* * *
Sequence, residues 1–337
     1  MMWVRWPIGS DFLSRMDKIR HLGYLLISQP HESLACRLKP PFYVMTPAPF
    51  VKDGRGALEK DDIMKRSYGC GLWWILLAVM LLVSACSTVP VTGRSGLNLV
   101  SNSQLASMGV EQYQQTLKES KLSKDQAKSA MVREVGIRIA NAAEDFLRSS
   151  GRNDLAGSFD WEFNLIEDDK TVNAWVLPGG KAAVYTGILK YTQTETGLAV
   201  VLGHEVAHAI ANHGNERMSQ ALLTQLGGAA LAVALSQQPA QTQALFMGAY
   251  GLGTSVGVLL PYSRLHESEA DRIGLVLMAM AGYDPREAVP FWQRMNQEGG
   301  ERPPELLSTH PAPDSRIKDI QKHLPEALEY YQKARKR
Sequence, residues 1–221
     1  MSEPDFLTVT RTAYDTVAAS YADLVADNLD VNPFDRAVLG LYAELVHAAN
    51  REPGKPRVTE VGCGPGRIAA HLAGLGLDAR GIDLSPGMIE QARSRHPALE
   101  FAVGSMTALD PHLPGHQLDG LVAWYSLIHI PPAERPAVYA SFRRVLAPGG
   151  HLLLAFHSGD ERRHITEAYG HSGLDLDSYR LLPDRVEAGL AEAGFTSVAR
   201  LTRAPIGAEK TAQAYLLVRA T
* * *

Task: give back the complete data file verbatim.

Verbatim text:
Sequence, residues 1–337
     1  MMWVRWPIGS DFLSRMDKIR HLGYLLISQP HESLACRLKP PFYVMTPAPF
    51  VKDGRGALEK DDIMKRSYGC GLWWILLAVM LLVSACSTVP VTGRSGLNLV
   101  SNSQLASMGV EQYQQTLKES KLSKDQAKSA MVREVGIRIA NAAEDFLRSS
   151  GRNDLAGSFD WEFNLIEDDK TVNAWVLPGG KAAVYTGILK YTQTETGLAV
   201  VLGHEVAHAI ANHGNERMSQ ALLTQLGGAA LAVALSQQPA QTQALFMGAY
   251  GLGTSVGVLL PYSRLHESEA DRIGLVLMAM AGYDPREAVP FWQRMNQEGG
   301  ERPPELLSTH PAPDSRIKDI QKHLPEALEY YQKARKR
Sequence, residues 1–221
     1  MSEPDFLTVT RTAYDTVAAS YADLVADNLD VNPFDRAVLG LYAELVHAAN
    51  REPGKPRVTE VGCGPGRIAA HLAGLGLDAR GIDLSPGMIE QARSRHPALE
   101  FAVGSMTALD PHLPGHQLDG LVAWYSLIHI PPAERPAVYA SFRRVLAPGG
   151  HLLLAFHSGD ERRHITEAYG HSGLDLDSYR LLPDRVEAGL AEAGFTSVAR
   201  LTRAPIGAEK TAQAYLLVRA T